Both of these incentives are evident in the rise of consumer experience spending and how those dollars can be spread across any number of potential purchase points.
As an example, let’s say that you want to go see the Wizards vs. Lakers game and you are holding off on purchasing your ticket due to trying to find a friend to go with you. Then your co-workers talk about going over to Pi Pizzeria instead for Happy Hour and to catch part of the game.
You may want to see LeBron, but you’d much rather hang out with your co-workers.
So you don’t buy.
So, yes, the ticket business is broken because the incentives that are driving purchasing behavior are not aligned properly.
That said, nothing is likely to happen from this letter:
The letter ends with a request for the administration to protect consumers.
Spoiler alert: Ain’t going to happen.
Back around the time of the online ticketing workshop, I wrote about the idea that the ticket industry and people in the ticket business were most likely to end up as easy targets for political grandstanding.
Exhibit A was the reintroduction of the BOSS Act almost as soon as the online ticket workshop finished.
Exhibit B is this call for investigation.
Neither one of these things have a snowball’s chance of turning into anything substantial due to any number of factors like the fact that Donald Trump is president and it goes without saying that his career isn’t known for his worker protections or taking care of the little man, split control of Congress, and the fact that nothing gets done in Washington, especially nothing necessary or needed.
But knowing that nothing will happen due to historical precedent doesn’t mean you should ignore the issue.
You should continue to advocate for consumer protections, improved transparency, and everyone should be focusing on digging into the root causes of a market that is struggling under its own weight by digging into the root causes of some of these issues.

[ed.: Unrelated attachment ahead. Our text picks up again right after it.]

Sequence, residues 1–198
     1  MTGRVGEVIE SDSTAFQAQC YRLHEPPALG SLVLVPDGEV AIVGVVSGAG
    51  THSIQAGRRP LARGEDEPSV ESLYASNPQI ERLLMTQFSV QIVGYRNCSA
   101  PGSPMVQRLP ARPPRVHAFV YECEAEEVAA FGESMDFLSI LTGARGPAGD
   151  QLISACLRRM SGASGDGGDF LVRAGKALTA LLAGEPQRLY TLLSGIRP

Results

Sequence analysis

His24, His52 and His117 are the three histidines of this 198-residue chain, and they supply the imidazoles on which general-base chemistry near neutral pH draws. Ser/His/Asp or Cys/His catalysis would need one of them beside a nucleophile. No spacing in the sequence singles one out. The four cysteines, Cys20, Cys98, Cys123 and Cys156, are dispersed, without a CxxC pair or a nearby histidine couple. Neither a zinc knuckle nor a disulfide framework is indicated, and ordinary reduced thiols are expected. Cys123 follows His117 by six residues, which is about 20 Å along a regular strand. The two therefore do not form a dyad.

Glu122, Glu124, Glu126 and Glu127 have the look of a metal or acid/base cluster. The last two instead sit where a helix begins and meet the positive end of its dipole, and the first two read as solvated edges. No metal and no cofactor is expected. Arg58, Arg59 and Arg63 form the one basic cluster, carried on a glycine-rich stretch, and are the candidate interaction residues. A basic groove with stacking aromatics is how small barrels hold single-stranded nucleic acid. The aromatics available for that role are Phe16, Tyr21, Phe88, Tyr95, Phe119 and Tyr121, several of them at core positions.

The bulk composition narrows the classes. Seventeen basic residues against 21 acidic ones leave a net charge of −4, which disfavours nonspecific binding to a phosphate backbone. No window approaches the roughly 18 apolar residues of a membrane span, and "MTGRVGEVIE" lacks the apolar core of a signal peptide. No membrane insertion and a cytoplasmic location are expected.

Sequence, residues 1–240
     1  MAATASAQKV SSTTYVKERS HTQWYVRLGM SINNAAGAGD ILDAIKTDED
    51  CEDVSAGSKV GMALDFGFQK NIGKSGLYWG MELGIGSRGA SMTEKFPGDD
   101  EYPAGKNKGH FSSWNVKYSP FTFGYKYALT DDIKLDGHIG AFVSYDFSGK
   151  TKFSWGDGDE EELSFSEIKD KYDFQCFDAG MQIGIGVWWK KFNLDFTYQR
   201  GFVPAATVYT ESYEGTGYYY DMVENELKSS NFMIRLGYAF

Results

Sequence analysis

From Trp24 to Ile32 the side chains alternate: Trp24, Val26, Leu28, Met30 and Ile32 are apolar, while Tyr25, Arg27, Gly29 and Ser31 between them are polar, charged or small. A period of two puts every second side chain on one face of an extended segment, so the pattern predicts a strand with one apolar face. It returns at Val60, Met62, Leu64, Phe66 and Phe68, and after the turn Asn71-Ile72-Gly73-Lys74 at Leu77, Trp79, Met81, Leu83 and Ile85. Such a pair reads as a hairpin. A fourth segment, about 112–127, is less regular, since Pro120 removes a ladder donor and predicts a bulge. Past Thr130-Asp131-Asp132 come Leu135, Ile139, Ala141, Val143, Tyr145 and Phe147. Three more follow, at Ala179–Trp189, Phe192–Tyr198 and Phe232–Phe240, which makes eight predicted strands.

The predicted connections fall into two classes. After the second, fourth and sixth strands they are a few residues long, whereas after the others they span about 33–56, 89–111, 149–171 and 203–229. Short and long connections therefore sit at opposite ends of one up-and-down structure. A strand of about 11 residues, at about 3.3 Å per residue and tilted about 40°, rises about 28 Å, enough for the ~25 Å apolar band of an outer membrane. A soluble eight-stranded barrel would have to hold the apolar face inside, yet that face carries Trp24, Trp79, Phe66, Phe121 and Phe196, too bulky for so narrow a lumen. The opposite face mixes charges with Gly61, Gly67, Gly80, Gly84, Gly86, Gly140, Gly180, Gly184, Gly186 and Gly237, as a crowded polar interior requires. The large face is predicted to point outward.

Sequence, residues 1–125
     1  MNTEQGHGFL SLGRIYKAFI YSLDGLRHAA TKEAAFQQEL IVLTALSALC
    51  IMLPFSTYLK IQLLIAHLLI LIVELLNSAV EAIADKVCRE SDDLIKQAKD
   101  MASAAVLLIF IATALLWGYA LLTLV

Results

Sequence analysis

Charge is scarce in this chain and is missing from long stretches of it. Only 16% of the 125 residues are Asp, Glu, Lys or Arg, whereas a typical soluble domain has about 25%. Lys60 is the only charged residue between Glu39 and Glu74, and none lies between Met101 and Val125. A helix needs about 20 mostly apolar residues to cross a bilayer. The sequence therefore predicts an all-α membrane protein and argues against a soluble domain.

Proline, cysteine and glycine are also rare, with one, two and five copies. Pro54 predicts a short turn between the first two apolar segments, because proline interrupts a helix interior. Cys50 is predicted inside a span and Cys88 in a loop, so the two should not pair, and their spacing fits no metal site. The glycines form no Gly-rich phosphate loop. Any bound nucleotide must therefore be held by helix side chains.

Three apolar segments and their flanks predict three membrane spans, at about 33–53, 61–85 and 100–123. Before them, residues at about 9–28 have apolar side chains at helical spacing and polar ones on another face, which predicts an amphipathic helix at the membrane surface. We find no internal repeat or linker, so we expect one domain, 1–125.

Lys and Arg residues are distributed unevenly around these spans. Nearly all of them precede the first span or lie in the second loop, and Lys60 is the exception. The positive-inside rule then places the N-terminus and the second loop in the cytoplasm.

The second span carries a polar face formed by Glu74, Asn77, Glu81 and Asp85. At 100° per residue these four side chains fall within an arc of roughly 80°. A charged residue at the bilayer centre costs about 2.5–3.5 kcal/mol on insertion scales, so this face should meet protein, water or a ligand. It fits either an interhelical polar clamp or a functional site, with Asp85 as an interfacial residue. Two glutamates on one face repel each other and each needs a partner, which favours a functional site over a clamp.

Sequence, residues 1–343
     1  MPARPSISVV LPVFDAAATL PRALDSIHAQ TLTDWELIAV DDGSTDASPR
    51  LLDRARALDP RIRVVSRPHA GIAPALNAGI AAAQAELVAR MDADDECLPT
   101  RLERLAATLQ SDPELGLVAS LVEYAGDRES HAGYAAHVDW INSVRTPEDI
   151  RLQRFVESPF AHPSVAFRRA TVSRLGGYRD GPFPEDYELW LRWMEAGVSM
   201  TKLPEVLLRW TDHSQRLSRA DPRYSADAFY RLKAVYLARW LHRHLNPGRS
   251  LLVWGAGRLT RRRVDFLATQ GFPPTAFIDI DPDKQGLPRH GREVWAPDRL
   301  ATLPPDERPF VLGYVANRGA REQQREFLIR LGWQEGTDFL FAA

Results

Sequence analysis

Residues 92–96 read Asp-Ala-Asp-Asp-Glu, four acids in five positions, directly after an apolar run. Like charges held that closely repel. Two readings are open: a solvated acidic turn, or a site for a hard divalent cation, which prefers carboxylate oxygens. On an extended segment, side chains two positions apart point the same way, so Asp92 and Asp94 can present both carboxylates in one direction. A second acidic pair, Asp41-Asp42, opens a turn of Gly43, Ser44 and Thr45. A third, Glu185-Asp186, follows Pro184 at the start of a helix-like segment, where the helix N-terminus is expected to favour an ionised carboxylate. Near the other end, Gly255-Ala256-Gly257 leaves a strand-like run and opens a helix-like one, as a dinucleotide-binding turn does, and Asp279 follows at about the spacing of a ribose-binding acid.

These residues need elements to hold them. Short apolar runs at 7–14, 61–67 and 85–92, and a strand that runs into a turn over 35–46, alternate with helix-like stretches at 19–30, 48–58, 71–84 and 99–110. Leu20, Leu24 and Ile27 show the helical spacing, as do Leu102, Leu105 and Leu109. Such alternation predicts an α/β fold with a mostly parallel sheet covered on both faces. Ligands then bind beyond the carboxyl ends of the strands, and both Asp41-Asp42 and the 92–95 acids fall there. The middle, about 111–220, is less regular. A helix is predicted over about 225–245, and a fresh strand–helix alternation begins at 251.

Do keep an eye on the presidential election of 2020:
Because depending on how the election goes, everything I wrote above could be wrong.
If Donald Trump wins re-election, pop the champagne corks because the ticket companies and any kind of behavior that consumers feel is misleading or in bad taste is likely to continue and accelerate.
All those allegations that Live Nation is using its power to impact bookings and other parts of the ticket industry that are easily dismissed now will likely not even get a dismissal.
Fees, expect more.
Transparency in the market about pricing, or competition, or anything of the sort….ha!
By the same token, if Elizabeth Warren or Bernie Sanders wins and sweeps in a stronger Democratic Party led House and a Democratic Party led Senate, all bets are off because you could see a renewed focus on antitrust regulations and enforcement, stronger consumer protections, and penalties for bad actors.
Or, I could be wrong on all of these things because having lived in Washington long enough, I can tell you 3 things with certainty:
- You can’t trust a word anyone’s saying.
- Don’t expect things to happen fast or at all.
- People will talk just to hear themselves talk.
So that means, all of this could lead to nothing.
But I wouldn’t leave my success to someone else not doing something. Because the winds of change can be fickle.
What say you? Let me know below!